Yellowstone can be seen in a few days, which is how long it takes the tourist buses to drive around to all the overlooks, let the tour out for 20 minutes and move on. Yet, if you are not concerned with checking sights of a list, you can spend days and weeks visiting each place, observing the subtle changes in color and light that a different time of day or a different season bring. We spent ten days exploring Yellowstone, and the only reason we left was because the campground closed for the winter and they kicked us out. We were literally the last campers to leave, hanging out with the chef of the campground until the moment they turned off the water and electricity. We really want to come back and see the park in winter, when you can ride snowmobiles on the trails and see animals warming themselves in the hot water pools.
It would also be awesome to come back in the sprint or summer and try fly fishing in one of Yellowstone’s beautiful rivers. The rivers snake through lush grass fields and pine forests, sometimes completely disappearing in the tall grass. The water is a hard to describe deep blue color contrasting with the bright yellow of the fall grass. Fisherman can be found at every bend, wearing rubber boots and waterproof overalls up to their chest, mostly fishing for trout. Native Yellowstone trout has to be released, but non-native fish can be taken. We saw a funny scene of a seemingly idyllic fisherman whipping out a camera, ready to film an elk approaching the river to drink.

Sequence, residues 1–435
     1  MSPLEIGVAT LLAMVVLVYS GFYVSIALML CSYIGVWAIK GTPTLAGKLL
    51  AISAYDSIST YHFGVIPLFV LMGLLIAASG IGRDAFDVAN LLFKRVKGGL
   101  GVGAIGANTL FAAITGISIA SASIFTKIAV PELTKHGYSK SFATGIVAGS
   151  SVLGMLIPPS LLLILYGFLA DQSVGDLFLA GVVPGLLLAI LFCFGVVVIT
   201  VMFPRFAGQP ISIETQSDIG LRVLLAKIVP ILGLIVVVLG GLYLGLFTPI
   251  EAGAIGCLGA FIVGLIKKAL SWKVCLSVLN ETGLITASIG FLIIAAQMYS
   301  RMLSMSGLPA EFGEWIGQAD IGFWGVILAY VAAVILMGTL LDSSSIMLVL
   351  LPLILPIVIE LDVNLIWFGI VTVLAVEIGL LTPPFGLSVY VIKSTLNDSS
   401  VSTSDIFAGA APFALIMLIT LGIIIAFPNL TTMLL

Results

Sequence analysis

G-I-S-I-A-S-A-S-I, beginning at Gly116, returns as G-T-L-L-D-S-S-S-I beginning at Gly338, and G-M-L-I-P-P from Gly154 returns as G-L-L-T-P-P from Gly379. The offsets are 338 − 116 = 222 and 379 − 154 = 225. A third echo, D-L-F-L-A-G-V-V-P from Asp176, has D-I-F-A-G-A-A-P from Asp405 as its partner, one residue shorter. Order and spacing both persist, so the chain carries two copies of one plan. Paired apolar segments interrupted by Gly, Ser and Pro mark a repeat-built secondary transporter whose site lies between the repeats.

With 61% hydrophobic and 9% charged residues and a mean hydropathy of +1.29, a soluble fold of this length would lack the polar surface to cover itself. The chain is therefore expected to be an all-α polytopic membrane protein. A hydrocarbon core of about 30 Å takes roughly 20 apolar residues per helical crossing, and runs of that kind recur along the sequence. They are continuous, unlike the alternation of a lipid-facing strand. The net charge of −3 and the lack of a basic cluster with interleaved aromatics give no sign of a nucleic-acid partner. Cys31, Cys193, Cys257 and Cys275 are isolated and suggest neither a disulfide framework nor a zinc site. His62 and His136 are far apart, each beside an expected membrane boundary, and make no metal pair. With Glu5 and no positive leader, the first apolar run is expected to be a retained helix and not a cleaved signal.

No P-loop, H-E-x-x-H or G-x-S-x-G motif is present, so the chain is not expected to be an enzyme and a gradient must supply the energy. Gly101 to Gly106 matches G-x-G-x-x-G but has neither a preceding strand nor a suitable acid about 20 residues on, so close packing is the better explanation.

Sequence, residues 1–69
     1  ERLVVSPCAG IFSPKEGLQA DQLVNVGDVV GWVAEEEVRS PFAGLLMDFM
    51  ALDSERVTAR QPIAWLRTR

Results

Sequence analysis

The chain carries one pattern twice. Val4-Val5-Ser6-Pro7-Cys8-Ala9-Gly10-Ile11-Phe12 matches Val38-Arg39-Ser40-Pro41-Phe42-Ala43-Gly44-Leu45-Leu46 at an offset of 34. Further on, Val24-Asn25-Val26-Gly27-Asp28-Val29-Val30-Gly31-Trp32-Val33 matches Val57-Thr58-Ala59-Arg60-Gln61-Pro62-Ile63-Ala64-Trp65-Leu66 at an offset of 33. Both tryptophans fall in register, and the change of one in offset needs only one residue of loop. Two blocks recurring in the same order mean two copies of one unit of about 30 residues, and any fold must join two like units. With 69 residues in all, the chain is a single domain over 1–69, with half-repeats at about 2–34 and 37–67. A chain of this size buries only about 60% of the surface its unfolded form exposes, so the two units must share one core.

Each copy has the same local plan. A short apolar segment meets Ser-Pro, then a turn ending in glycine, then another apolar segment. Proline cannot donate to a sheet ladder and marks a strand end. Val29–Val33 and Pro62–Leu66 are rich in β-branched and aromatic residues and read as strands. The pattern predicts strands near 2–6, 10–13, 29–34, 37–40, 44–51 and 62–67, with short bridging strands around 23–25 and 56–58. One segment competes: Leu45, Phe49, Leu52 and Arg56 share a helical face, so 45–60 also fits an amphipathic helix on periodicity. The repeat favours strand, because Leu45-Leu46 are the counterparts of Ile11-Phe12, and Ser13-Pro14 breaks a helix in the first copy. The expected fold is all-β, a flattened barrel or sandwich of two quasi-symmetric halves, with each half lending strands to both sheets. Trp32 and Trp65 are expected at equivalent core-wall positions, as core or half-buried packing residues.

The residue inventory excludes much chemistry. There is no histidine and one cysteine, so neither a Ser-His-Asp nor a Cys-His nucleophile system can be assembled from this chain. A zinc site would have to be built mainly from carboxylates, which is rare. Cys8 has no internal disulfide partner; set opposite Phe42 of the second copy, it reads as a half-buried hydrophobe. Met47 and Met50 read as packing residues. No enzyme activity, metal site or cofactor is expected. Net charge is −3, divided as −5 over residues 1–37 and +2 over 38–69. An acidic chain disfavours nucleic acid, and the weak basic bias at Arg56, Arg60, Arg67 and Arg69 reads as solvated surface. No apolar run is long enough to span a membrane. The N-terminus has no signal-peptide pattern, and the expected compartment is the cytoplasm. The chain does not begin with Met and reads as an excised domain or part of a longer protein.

The Yellowstone river also carved out the Grand Canyon of Yellowstone, a 20 miles long gorge that is about 1000 feet deep. The canyon has two waterfalls that can be seen from overlooks, which seem to attract photographers with the longest photo lenses we have ever seen. Not sure what they were photographing with these $10000 lenses, maybe African lions.
We took our picture at the Continental Divided sign, on each side of this high point water flows to either the Atlantic Ocean or the Pacific Ocean. At the very top of the continental ridge is Isa Lake, covered almost completely in water lilies. One part of the lake drains out to east, the other part drains to the west. Isa Lake is believed to be the only lake in the world which drains to two different oceans.
We already knew from all of the Discovery channel documentaries that Yellowstone sits atop a giant super volcano, but the number of the geothermal areas in the park is amazing. We had a blast photographing various geyser basins as well as other geothermal features such as hot springs, boiling mud pools, huge steam vents and exploding geysers. Some of our favorite features were Travertine terraces, created by water building up calcium carbonate deposits. The heated water pools contain algae and bacteria, which turn various shades of orange, green, purple and yellow depending on the water temperature.
Definitely a place that we want to keep coming back to.
Roma and Natalia are world travelers, photographers, and an all around fun couple. When they are not travelling far away continents or driving around USA in their trusted Highlander, they can be found in San Francisco, California.